Whether it is politics or consumers, you may be getting your left and right wires crossed when it comes to communications. Fast-emerging fields of social and behavioural science reveal that we must go way beyond the conventional wisdom of target audiences when crafting messages.
Researches show how different conservatives are from liberals — and why we need to understand this if we intend to get traction with either group.
First, when it comes to core values that each holds dearest, there is a wide divide. In a poll of over 187,000 people between 2007 and 2014 by YourMorals.org, those self-identifying as "very liberal" held the values of fairness and care most morally relevant, but didn’t care much about loyalty, authority or purity.
But those self-identifying as "very conservative" valued loyalty and purity as most morally relevant.
Second, researches found that disgust moves conservatives more than liberals (Conservatives are more easily disgusted than liberals by Inbar, Pizarro and Bloom).
Third, neuroscientists say fear has a bigger impact on the right. Conservatives, they claim, have a larger right amygdala (the emotional fight-or-flight centre that governs fear) versus liberals having more grey matter in the anterior cingulate cortex (which handles uncertainty and conflict).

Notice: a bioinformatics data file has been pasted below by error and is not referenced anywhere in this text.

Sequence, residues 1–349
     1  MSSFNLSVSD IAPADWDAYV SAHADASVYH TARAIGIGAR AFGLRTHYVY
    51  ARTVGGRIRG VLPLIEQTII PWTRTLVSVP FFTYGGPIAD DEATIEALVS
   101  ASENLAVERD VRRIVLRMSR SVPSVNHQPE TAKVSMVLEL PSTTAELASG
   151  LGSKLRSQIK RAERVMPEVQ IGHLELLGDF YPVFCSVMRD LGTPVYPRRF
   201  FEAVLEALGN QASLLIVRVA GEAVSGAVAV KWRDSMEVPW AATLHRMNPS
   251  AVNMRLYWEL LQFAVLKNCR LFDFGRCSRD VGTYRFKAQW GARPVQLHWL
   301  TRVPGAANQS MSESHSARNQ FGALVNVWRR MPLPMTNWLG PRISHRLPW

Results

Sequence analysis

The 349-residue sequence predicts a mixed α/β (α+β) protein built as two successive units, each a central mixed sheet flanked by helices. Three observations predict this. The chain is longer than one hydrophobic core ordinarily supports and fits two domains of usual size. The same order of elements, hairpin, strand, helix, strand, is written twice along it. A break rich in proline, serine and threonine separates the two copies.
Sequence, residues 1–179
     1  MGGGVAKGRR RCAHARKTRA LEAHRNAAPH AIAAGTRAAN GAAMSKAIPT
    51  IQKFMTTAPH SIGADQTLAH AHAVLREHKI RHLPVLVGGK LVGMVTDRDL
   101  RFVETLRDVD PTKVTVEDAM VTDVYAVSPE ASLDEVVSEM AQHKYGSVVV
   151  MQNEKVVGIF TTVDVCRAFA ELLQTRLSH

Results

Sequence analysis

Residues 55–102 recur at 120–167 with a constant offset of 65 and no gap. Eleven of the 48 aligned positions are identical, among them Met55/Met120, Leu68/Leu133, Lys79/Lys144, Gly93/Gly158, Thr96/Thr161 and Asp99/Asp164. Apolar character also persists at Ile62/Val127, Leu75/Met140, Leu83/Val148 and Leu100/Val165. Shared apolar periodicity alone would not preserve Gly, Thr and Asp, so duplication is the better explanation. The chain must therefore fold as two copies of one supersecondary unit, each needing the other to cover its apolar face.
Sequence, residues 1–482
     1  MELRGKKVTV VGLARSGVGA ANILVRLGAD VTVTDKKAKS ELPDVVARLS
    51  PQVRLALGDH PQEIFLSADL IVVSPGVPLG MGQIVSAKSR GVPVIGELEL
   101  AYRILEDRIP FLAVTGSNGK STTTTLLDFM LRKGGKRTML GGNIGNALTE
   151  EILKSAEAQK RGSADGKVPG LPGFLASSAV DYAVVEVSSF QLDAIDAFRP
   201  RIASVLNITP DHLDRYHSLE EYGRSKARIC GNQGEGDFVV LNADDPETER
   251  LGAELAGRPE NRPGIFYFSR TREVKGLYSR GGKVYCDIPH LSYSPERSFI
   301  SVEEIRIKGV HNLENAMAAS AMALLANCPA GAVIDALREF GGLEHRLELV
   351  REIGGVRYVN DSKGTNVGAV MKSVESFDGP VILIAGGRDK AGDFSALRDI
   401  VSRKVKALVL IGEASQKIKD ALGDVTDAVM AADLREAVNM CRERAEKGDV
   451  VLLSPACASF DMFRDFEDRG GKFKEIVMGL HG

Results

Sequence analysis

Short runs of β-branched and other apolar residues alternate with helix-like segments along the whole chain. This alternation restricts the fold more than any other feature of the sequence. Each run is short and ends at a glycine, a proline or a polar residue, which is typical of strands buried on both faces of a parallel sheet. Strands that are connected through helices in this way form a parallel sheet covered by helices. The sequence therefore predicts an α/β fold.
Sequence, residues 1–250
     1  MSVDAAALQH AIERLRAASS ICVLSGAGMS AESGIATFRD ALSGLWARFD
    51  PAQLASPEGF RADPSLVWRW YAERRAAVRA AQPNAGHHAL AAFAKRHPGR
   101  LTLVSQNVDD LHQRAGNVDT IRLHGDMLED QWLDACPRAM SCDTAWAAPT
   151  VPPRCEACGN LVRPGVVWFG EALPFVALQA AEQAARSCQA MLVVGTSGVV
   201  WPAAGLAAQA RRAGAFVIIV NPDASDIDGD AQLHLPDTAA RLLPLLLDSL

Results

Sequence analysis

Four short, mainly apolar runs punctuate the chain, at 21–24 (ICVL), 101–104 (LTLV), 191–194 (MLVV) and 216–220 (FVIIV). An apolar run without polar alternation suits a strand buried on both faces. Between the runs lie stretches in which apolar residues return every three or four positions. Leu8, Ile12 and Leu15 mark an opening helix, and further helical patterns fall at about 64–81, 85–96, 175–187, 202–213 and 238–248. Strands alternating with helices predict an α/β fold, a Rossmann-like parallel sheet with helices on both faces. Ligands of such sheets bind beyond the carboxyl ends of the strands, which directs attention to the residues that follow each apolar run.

One experiment (Political attitudes vary with physiological traits by Oxley et al) found sensitivity to threatening images and loud noises correlated more with conservatives.
Another (Political ideology, exploration of novel stimuli, and attitude formation by Shook and Fazio) found that conservatives took fewer risks and learned far more from their negative experiences.
So, the right way to appeal to the right? FLAP — fear, loyalty, authority and purity.
Christopher Graves is global chairman of Ogilvy Public Relations, chair of the PR Council and a trustee of the Institute for PR. Follow or tweet him at @cgraves